Cab Franc tipped to become Argentina’s ‘second most important variety’

25th April, 2016 by Lauren Eads

Argentine winemakers are betting on Cabernet Franc with one suggesting it could grow to become one of the country’s most important grape varieties – second only to Malbec.

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Rogelio Rabino, winemaker at Kaiken in Mendoza.

Throughout Argentina many winemakers are upping their investment in the grape, planting new vineyards and producing single varietal wines, most prominently in Mendoza. Kaiken, owned by Chilean winemaker Aurelio Montes, launched a new line of Cabernet Franc, Kaiken Obertura, in 2015 produced from the 2013 vintage, which was only its second harvest of the variety.

“I believe Cabernet Franc will be the second most important variety in Mendoza in the future,” Rogelio Rabino, winemaker at Kaiken in Mendoza, told the drinks business on a recent visit to the region. “Some people say Bonarda but for the quality wines it’s very difficult with Bonarda. It’s good for entry level and fruit but not for high-end wines. I think Cabernet Franc has a great future for premium wines.”

Despite growing optimism in the variety, the fact remains that Cabernet Franc accounts for less than 500 hectares of Argentina’s plantings, compared to Malbec, which has close to 40,000 hectares. So it will be some years before we can assess the grape’s progression.

“The crazy thing is that in all of Argentina there’s only 465 hectares total of Cabernet Franc,” notes Ignacio Torti, commercial manager at Kaiken. “Here we just have three hectares and make 400 cases a year. That’s all we are doing. Today we are having a boom with Malbec but we don’t want to run the risk of just being Malbec around the world. We want to show that we have more things to show than just Malbec”.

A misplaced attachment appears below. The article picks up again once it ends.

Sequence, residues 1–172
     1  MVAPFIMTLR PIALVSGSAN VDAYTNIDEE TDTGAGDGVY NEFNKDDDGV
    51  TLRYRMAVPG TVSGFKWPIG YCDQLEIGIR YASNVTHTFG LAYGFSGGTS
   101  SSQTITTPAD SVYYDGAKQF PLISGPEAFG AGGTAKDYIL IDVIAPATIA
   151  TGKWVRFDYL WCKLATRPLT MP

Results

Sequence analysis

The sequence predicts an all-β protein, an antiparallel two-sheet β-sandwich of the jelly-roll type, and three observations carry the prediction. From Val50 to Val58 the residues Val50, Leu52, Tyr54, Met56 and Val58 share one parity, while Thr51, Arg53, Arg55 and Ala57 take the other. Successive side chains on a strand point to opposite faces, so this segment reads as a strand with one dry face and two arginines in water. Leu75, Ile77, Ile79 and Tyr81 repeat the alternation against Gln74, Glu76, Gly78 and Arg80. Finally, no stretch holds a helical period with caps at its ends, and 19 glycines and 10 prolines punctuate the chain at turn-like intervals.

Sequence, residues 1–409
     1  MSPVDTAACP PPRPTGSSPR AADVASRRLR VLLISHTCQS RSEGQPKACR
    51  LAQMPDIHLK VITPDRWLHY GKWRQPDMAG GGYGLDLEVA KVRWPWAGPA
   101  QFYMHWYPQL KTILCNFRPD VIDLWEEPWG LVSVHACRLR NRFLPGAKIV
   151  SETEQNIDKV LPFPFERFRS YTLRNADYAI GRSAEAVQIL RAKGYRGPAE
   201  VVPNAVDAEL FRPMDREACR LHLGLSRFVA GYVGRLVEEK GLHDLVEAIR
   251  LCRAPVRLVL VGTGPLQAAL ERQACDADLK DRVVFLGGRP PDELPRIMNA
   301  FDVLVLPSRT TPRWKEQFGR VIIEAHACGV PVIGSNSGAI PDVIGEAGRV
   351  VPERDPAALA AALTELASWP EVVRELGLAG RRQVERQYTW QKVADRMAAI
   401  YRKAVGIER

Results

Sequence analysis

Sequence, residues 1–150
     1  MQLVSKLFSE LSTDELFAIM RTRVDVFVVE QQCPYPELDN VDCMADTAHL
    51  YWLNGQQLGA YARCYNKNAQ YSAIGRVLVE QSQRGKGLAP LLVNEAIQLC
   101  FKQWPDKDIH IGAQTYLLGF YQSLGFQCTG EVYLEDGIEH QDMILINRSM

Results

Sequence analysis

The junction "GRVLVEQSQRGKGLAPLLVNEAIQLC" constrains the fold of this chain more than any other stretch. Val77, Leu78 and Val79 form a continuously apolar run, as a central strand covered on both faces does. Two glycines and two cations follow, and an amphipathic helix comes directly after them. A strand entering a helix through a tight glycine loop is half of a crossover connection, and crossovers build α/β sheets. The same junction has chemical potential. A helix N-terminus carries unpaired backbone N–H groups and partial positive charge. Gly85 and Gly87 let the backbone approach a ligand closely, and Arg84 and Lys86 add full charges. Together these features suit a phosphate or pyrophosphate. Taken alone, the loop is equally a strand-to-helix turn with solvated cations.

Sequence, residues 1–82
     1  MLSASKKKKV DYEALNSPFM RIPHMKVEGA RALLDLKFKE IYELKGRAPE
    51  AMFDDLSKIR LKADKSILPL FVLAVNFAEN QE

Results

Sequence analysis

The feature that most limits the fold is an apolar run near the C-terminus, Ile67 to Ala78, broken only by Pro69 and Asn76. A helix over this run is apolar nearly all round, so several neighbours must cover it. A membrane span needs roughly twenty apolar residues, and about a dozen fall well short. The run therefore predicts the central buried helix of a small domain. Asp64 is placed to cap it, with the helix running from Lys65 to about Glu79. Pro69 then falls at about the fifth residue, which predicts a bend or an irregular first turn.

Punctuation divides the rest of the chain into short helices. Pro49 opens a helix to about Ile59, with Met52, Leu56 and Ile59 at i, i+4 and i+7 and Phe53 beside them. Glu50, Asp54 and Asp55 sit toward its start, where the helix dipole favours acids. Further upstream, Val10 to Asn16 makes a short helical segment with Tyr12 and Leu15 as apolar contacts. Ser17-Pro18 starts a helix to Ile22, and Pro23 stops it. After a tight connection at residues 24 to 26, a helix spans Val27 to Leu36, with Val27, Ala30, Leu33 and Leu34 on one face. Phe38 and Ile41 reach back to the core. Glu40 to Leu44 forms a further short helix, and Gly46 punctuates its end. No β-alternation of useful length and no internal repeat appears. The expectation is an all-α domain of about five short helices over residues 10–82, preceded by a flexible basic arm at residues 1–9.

Based in Mendoza, Kaiken has vineyards throughout the sub regions of Agrelo, Vistaflores and Vistalba, and also in the northern Argentina province of Salta where it produces a white wine from Torrontés. Currently, the producer has just three hectares of Cabernet Franc planted, but Rabino intends to plant more in the future.

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Cabernet Franc grapes

“The potential is very, very good,” adds Rabino. “We need to plant more Cabernet Franc and we plan to plant more Cabernet Franc going forward. It has to be planted in fresh places. It works well in Patagonia and the Uco Valley, maybe Salta in the highest places. You need high altitude to plant Cabernet Franc.”

Kaiken is not the only producer experimenting with the variety. Bodega Vistalba in Vistalba in Mendoza’s Lujan de Cuyo, is trialling the variety having planted just two rows to test its quality. 2016 marked its first harvest.

“I love Cabernet Franc,” Christian Stoddart, commercial manager at Vistalba told db. “I think that Cabernet Franc, after the Malbec, is growing a lot. It’s being planted a lot more in Argentina. It is a grape that is doing excellently at the moment. We are just seeing how it will work in our terroir and maybe we will use it in the future.”

Similarly Bodega Renacer (“reborn” in Spanish), based in Perdriel in Mendoza’s Lujan de Cuyo subregion, also has high expectations of the variety.

“We are trying here to promote Cabernet Franc,” said Rodolfo Gil Fin Binda, Renacer’s commercial director. “It’s my favourite variety. In our winery most of the high level wines have Cabernet Franc in the blend. Maybe its 90% Malbec and 10% Cab Franc.

Like Torti, Gil Fin Binda believes it is in Argentina’s best interests to promote a variety other than Malbec.

“It is a risk to be only recognised for Malbec”, he warned. “Maybe the fashion [for Malbec] stops and if it’s no longer recognised in the world we are going to lose our industry. That’s why we want to have another variety. We find that most wineries are now trying to have a Cabernet Franc in Mendoza.”

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